In the winter months – and with C*****mas looming on the horizon – many wine drinkers turn to the classics such as Bordeaux and Chablis. Although Claret isn’t the best match for the traditional turkey, many disregard that and drink it simply because they like it – or like me, drink it with something other than turkey!
First, a quick refresher on the AOCs of the Médoc, the left bank peninsula which is home to many of Bordeaux’s world-famous Châteaux:
As a generalisation, the AOCs of the Médoc are considered to be ranked as follows:
- Pauillac & Margaux
- Saint-Julien & Saint-Estèphe
- Listrac-Médoc & Moulis-en-Médoc
- Haut Médoc
Of course, the quality of any wine is heavily dependent on the producer and vintage.
Here is a trio of Bordeaux reds that are drinking superbly right now and won’t break the bank:
Disclosure: samples were kindly provided, opinions remain my own
Château Monteil d’Arsac, Haut-Médoc Cru Bourgeois 2014 (13.0%, RRP €18.95 at Molloys)
The Cru Bourgeois label is for the “Best of the Rest”, i.e. those Médoc estates not included in the 1855 classification. It was introduced in 1932 covering 444 estates, but between 2003 and 2007 it was altered, updated, split, reversed, and finally annulled – phasing in and out of the space-time continuum like transport ships caught in the nexus. In 2010 a completely new version was published for the 2008 vintage, and it is revised annually based on the quality of the wines submitted.
If drinking this wine makes me bourgeois then that’s all right with me! It’s quite smooth with oodles of black fruit and tangy red fruit. There’s also a spicy element then pencil shavings and plums on the finish. This is an excellent wine for the price, probably the best Bordeaux under €20 I’ve tasted for years!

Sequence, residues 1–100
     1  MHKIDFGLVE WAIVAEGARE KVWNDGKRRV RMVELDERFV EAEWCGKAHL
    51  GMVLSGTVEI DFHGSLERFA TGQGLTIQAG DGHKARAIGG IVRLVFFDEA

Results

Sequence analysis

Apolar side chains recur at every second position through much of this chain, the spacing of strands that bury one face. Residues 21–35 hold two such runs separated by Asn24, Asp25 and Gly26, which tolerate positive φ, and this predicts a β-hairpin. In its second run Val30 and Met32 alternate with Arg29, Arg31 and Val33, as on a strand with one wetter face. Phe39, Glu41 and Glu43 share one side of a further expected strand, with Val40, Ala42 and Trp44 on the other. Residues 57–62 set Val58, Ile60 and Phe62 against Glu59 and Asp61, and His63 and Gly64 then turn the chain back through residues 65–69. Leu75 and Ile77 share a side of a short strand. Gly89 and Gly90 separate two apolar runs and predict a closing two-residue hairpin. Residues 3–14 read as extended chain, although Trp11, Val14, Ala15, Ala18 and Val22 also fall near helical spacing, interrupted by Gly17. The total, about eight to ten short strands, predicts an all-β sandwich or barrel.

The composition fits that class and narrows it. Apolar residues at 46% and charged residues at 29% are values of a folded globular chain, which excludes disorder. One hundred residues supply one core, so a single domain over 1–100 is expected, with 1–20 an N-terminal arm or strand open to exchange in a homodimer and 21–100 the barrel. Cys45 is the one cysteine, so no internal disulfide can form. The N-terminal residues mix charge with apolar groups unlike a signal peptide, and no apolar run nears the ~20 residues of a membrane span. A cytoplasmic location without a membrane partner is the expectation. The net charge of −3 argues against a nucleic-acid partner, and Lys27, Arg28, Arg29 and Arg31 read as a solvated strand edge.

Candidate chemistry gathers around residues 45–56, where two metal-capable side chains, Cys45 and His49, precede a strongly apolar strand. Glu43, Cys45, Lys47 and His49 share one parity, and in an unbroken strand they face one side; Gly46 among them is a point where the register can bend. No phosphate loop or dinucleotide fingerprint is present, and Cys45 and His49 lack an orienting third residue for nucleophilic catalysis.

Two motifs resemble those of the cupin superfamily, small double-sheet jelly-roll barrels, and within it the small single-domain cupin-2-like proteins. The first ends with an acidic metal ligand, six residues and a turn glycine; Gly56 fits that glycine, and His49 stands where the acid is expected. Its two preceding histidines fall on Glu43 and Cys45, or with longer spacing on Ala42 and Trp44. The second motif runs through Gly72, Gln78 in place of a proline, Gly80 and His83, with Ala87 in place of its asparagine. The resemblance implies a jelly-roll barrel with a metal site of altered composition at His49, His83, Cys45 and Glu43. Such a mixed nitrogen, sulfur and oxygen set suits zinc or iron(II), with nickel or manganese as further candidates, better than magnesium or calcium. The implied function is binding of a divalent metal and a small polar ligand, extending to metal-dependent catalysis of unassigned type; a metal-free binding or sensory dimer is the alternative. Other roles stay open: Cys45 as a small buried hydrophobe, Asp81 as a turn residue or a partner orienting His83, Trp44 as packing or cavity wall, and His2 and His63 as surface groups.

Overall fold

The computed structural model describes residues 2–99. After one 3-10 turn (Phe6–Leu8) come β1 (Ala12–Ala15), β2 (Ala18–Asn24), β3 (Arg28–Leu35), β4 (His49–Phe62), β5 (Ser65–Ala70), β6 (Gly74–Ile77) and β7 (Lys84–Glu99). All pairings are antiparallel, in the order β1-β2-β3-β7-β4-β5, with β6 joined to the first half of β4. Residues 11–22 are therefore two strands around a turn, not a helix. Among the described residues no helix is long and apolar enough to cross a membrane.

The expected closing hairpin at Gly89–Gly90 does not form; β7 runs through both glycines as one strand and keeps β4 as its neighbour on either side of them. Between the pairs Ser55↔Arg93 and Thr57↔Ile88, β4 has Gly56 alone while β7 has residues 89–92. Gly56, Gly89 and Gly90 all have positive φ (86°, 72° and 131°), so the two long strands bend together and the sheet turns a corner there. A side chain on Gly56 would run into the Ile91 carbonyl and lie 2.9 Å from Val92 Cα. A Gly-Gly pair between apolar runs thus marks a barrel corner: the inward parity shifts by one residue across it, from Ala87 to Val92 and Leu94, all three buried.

Château Moulin-Borie, Listrac-Médoc 2015 (13.5%, RRP €24.95 at Molloys)
Château Moulin-Borie is owned and run by Bruno-Eugène Borie who is also the proprietor of Saint-Julien’s Château Ducru-Beaucaillou, a Second Growth in the 1855 Classification. Moulin-Borie is located in the appellation of Listrac-Médoc which is humbler than the big guns of Pauillac and co but is nevertheless capable of producing very good wines.
Despite coming from a ripe year, this is very classic left bank Bordeaux. it shows lots of black fruit and a touch of vanilla, but also quite savoury, with cedar and black olive notes just starting to appear. It’s mid weight, not a wine that weighs you down, and very classy. I would definitely be interested in trying this wine after another five years of maturation – time to buy a few for the cellar I think!
Château Castelbruck Margaux 2014 (13.0%, RRP €32.00 at Molloys)
Margaux is seen as the most feminine of the big four AOCs and often shows an ethereal quality which eludes the others. This 2014 is still quite young but very approachable and dangerously drinkable! It has ripe, juicy blackberry, blackcurrant, black cherry and plum – so ripe that you almost feel like you are biting into actual fruit! Fine cocoa powder and a touch of pencil shavings are part of a wonderful finish.
It’s sometimes said that Cabernet-based wines are a good match for chocolate and it doesn’t usually do much for me, but in this case a few squares of high cocoa-content black chocolate went down a treat with the wine! For me, a big glass and a warm fire would be perfection.